The various Gospel accounts of the resurrection have a similar style as those of the passion of Christ. They involve a frantic pace and a confusion of characters.
I really like Atwill's idea that different Gospels intentionally started their narrations at slightly different hours of the day. One begins before sunrise, another at sunrise, and a third early in the morning (after sunrise). The actors are excitedly coming and going, which leads to some humorous surprises, such as when Mary Magdalene confuses Jesus for the "gardiner". (As Eddie quized us earlier, the epithet of "Gardiner" was one associated with the god of resurrection, Osiris.)
I think there is still some need for refinement though in Atwill's reconstruction. The conclusion that Peter and Simon Peter represent two distinct characters is strained. (Of course in this particular forum post I am replying to myself, so who am I to talk!)
I also think that calculating probabilities for a literary passage is pointless. (Christian fundamentalists try to do the same thing to "prove" their own interpretations are correct.) In an email to Mr. Atwill on this topic I addressed him as "Joseph of Arithmatica". I'm not sure if he appreciated the satire!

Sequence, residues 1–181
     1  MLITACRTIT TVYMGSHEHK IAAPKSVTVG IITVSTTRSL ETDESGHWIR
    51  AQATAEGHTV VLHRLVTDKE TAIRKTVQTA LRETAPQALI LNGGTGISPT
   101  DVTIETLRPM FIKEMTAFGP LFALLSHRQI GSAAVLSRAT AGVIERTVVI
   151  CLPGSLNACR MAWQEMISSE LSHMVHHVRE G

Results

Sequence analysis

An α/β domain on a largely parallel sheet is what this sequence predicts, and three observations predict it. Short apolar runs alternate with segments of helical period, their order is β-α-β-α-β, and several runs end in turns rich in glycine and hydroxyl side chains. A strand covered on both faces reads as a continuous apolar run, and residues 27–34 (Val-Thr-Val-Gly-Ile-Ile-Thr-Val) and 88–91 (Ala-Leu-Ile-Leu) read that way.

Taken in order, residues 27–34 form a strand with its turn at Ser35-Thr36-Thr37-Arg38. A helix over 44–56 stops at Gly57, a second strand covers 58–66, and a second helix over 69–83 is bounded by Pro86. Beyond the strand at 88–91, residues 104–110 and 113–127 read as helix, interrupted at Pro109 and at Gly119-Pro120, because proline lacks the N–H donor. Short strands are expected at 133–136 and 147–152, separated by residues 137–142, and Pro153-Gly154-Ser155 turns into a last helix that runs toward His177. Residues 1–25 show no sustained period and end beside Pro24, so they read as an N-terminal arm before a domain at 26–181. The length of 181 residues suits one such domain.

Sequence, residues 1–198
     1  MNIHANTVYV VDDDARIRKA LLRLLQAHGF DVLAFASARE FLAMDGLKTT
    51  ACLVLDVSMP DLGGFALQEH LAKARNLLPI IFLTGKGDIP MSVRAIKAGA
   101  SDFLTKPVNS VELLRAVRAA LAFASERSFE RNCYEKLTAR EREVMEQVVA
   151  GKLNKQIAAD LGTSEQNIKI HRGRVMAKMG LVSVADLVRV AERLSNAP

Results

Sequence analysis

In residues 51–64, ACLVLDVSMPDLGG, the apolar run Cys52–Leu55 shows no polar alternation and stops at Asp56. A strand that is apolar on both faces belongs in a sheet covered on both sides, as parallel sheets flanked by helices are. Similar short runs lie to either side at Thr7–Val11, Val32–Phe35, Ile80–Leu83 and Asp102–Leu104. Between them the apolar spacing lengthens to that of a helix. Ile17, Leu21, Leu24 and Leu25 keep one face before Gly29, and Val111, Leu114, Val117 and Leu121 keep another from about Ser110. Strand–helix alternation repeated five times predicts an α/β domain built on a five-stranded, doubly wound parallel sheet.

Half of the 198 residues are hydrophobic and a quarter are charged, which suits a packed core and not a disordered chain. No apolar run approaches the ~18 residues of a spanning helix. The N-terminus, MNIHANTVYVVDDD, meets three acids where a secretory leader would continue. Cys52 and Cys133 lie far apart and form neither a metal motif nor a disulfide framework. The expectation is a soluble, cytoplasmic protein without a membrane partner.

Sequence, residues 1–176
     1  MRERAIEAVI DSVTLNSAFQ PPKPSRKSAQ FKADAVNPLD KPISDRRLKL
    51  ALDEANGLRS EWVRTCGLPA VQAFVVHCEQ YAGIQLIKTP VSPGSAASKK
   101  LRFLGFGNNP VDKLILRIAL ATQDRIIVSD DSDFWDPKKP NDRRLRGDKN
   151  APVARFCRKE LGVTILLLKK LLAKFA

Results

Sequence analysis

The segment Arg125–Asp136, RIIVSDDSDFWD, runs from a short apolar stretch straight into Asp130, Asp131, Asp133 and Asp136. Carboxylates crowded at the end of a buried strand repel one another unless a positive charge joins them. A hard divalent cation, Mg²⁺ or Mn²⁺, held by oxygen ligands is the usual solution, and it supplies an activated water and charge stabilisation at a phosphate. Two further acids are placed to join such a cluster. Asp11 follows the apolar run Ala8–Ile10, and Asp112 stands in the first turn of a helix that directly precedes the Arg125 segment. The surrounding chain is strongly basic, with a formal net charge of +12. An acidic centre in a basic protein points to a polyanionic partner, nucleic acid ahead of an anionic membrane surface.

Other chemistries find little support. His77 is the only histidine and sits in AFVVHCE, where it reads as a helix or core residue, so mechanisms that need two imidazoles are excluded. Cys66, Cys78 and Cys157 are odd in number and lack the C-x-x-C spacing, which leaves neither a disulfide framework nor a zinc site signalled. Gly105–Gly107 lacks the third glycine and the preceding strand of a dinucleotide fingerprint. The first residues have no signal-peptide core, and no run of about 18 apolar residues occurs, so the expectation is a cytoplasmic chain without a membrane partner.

Elsewhere in the book, Atwill argues that anomalies were a deliberate feature of the Gospels. As he says, it prompts the sophisticated reader to solve a puzzle and discern the "truth" behind the story. So, the aim of the adept is to rearrange the script in such a way that it reveals more profound relationships, but perhaps it is not always possible or necessary to remove all contradiction (unless we are convinced of God's literal authorship.)
Many modern day comedies tap the funny bone of mistaken identities and misunderstandings. One of my favorite movies of this genre is "The Man Who Knew Too Little" starring the 'clueless' Bill Murray.
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